Jane Addams tenants out, but so are bulldozers

A lawsuit filed July 27 in federal court has resulted in a stay of demolition for the Rockford Housing Authority’s (RHA) Jane Addams public housing complex. Prairie State Legal Services and the National Center on Poverty Law filed for plaintiffs Irene Brown and Dorothy Jones. The U.S. Department of Housing and Urban Development (HUD) and the RHA are defendants.

Plaintiffs argue the HUD and the RHA violated fair housing laws. The RHA is accused of not proving the obsolescence of Jane Addams, or that it is beyond feasible repair.

Prairie State Legal Services Managing Attorney Cathy Ritt told The Rock River Times: “It’s really a pretty simple legal case. It is a question of whether the Housing Authority and HUD have properly approved the demolition of Jane Addams.” Ritt added: “This isn’t just like a figment of our imagination. This is in federal law. It’s black and white.”

Ritt explained Congress has decided housing authorities must prove structures are obsolete before getting the nod for demolition. Plaintiffs allege HUD found Jane Addams was not obsolete, but approved the demolition anyway.

“They have to prove what is wrong with the place that you can’t live in it, and they have to prove it can’t be repaired within the cost standards that HUD sets out,” Ritt said.

Ritt indicated the partial demolition was approved with the understanding the remainder of the development, Brewington Oaks, will be made more viable. With more than 500 people recently reported on an RHA waiting list, Ritt said this is no time to demolish 84 units of public housing.

“That’s a problem, and it’s illegal,” Ritt stated.

Neighborhood critics have asserted to The Rock River Times most of those on the waiting list are from Chicago, transferring in with HUD vouchers from the Chicago Housing Authority (CHA) structures that have been eliminated at the direction of Chicago Mayor Richard Daley (D). Lewis Jordan, who was the head of the RHA, is now the head of the CHA.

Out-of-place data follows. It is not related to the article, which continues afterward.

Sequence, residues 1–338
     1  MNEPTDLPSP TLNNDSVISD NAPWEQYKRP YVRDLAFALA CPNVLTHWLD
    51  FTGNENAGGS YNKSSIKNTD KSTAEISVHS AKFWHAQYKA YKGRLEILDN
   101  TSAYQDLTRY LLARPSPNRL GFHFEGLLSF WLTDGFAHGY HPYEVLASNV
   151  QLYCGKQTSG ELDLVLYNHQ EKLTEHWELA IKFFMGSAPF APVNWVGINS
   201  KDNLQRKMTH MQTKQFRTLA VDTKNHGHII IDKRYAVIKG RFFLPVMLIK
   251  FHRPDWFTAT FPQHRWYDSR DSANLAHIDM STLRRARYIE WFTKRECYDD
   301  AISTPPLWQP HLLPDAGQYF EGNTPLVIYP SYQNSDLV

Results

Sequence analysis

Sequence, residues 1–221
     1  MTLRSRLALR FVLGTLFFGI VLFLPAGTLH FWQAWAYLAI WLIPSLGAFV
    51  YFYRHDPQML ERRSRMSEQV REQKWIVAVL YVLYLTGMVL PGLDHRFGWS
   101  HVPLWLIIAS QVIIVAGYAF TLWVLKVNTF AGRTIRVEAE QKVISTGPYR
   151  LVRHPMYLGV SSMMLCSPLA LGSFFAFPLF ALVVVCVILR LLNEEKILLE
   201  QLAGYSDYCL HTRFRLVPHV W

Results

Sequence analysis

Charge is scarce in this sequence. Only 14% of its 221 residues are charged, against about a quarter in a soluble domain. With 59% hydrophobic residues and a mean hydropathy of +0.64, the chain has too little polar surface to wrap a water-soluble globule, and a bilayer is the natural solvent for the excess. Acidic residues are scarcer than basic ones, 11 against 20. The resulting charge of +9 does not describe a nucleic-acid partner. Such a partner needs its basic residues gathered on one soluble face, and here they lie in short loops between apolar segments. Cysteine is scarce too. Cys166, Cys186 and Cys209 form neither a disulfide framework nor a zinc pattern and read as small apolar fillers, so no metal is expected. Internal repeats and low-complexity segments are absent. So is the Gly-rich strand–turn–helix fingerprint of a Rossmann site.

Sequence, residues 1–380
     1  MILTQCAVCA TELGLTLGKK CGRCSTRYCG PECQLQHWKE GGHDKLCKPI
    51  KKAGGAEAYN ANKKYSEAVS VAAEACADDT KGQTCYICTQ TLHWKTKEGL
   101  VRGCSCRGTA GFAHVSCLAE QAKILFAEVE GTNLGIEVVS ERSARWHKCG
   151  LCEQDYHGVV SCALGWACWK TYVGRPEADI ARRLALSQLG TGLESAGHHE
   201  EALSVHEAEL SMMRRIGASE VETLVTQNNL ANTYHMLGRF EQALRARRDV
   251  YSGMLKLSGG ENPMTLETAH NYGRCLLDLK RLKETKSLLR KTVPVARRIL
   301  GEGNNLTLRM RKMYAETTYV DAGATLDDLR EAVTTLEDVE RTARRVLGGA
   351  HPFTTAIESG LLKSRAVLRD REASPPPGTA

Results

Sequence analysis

Concentrated public housing has been shown to be a failure in fighting poverty across the county because it is an outmoded concept with no neighborhood examples to inspire success. Scattered-site housing is the new model that has shown some success.

A July 30 hearing resulted in a temporary agreement between the parties whereby the remaining tenants will vacate immediately and be placed in other public housing until the problem is resolved. Meantime, the planned demolition is on hold.

July 30, City Attorney Jennifer Cacciapaglia indicated: “They entered into an agreement to stay the demolition and to transfer immediately the two remaining occupants. In 21 days, all the briefs have to be written, and then the judge will make a ruling on the issue.”

Because the demolition wasn’t planned to begin until mid-August, Rockford Mayor Larry Morrissey (I) isn’t worried about work being delayed.

Brown and Jones, who are African-American, have lived in the complex for 11 and 22 years, respectively, and say they don’t want to leave now that crime is finally on the decline in the area. Ritt argued low-income African-Americans have a harder time obtaining housing than do white low-income renters. Plaintiffs further allege being pressured to move to developments they considered less-desirable.

Neighbors argue, however, the housing development has been a magnet for crime, and they’re happy to see it go.

Ald. Victory Bell (D-5), whose ward is home to the Jane Addams complex, stands behind the RHA.

“We’re trying to de-densify some of these areas where we’ve had a high concentration of subsidized housing,” Bell explained. “We certainly are still sensitive to the people, and I think we’re working with the Housing Authority to come to some kind of agreement on it.”

Mayor Morrissey agrees every effort has been made to accommodate the needs of residents in their relocation process.